Vol. 9, No. 4  April 2004    News & Comment for and by the Fishermen of Maine          SUBSCRIBE NOW!!
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Urchins: Too Little Too Late?
by Jeff Della Penna

   If there were a category in Maine for all-time boom and bust fisheries, the green sea urchin (strongylocentrotus droebachiensis) would take the prize. At its peak, 2,400 licensed urchin divers/draggers were taking more than 40 million pounds from Maine’s coastal waters. Now, just 10 years after that peak, only 742 fishermen remain in the fishery and the stocks, according to the Department of Marine Resources (DMR), have dropped to less than 10 percent of their original 1987 biomass. In fact, Maggie Hunter, head DMR scientist for the urchin fishery, reports that in just the last year, the estimated exploitable biomass for Zone 1 has dropped by almost 40 percent.
   From it’s boom of 40 million pounds, the 2003-2004 urchin landings (which are still being tabulated) will probably come in at well below 6 million.
   “It’s my intention to close Zone 1,” George Lapointe, the commissioner of the DMR, told the standing-room-only crowd during the urchin session at the recent Fishermen’s Forum. “How long? Maybe four years. I don’t know.” He said that he wasn’t sure yet about Zone 2, but was seriously considering closing it, as well.
   The news hit fishermen from both Zones hard. When Lapointe first made his intentions public at the Sea Urchin Zone Council Meeting, February 12, in Orland, he was met with anger and some outrage. But, at the forum (March 6th) there was a different tone, as fishermen from both zones scrambled to offer compromises and in some cases, beg for their jobs.

From it’s boom of 40 million pounds, the 2003-2004 urchin landings (which are still being tabulated) will probably come in at well below 6 million.(Photos Bob Steneck, University of Maine, Maine Department of Marine Resources)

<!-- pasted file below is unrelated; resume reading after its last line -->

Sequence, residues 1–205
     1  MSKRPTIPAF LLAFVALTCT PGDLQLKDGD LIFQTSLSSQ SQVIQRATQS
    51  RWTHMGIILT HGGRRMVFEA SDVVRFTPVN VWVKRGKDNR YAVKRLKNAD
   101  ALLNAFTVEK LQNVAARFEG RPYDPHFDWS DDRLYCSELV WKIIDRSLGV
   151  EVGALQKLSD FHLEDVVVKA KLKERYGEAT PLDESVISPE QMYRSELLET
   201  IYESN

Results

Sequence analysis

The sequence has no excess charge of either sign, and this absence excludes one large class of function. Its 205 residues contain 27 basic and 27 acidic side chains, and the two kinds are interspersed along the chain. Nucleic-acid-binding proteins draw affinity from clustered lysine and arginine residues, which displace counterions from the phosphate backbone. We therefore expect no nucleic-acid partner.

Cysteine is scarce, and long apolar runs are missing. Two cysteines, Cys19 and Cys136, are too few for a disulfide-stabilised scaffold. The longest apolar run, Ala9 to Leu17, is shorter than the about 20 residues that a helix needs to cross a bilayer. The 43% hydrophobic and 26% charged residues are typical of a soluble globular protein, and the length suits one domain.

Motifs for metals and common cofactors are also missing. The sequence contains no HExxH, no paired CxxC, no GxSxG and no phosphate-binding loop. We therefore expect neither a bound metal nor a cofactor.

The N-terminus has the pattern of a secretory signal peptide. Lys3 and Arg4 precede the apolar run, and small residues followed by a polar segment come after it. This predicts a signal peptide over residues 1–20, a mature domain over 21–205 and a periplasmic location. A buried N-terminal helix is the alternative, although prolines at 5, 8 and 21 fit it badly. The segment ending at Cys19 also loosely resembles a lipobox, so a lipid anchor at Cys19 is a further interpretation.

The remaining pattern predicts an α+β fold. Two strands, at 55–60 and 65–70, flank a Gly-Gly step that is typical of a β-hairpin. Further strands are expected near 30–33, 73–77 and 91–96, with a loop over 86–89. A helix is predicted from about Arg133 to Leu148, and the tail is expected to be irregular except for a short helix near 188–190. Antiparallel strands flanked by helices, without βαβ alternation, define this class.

“It will completely devastate the people of Cobscook Bay, where there’s nothing else to do but fish,” Leo Murray, a member of the Sea Urchin Zone Council and representative of the Cobscook Bay Fishermen’s Association said. Murray had come to the forum with a proposal to keep the Cobscook Bay, which is one of the areas that is least depleted, open for a special 60-day season, nearly a third shorter than the current 84 days.
  Now the DMR and urchin fishermen are gearing up for the annual Sea Urchin

Summit, scheduled for 9 a.m. to 5 p.m. Saturday, April 3, at the Ellsworth Middle School. But Hunter, in a phone interview just before press time, didn’t offer much room for hope that Lapointe’s decisions could be swayed. “Commissioner Lapointe came out saying that he is planning to close Zone 1, and if there is any fishery in Zone 2, it is going to be pretty drastically reduced,” Hunter said. “The last time that I talked with him, he was saying that he planned to stick to that statement at the Urchin Summit meeting.”


Made in Maine
by Mike Crowe

   Although Maine has never had a significant gun manufacturing industry like Massachusetts and Connecticut, during the Civil War, Bangor gun maker C.V. Ramsdell produced some of the best rifles used by Union sharpshooters. Master gunmakers like Bill Morrison of Bradford, who builds a few precision rifles for competition shooting, is more typical of Maine’s gun making past, than the few mass producers in the state.
   Maine’s gunsmithing roots can be traced back to the 1600’s when Maine was the colonial frontier. Settlements, English and Indian, were most often established where rivers met the coast. Maine was originally a province of Massachusetts, a state which very early ordered every man to own and maintain a firearm. The constitutional right to bear arms, in fact, has deeper roots with the requirement to bear arms in pre-revolutionary colonial America.
   These early colonial flintlocks were relatively simple, but few people had the skills and tools to repair them. Powder and a ball were rammed down the muzzle. The powder was ignited by flint attached to a spring-loaded hammer that created a spark when released by the trigger. It was these metal moving parts that usually needed service. Generally, gunsmiths repaired guns and gunmakers manufactured them, but some did both. Metal-workers, such as blacksmiths and clockmakers, were often gunsmiths, as well.
   Englishman James Phips arrived in Pemaquid, Maine in 1639 and immediately started a blacksmith and gunsmith business on Phips Pt., just west of Westport Island. Phips is one of the earliest recorded Maine gunsmiths. Although not much is known about his productivity, after he died in 1654 his wife remarried and before she died was known to have given birth to 26 children with her two husbands.


The earliest recorded gunsmith in Maine got started in 1639. Some gunsmiths were also
gunmakers and both were needed at a time when it was required that every man own and
maintain a firearm. The Maine frontier needed gunsmiths, gunmakers and innovators.
Some finely crafted the stock and metal parts, others focused on improving the accuracy.
Photo courtesy Paul S. Plumer and the Maine State Museum.


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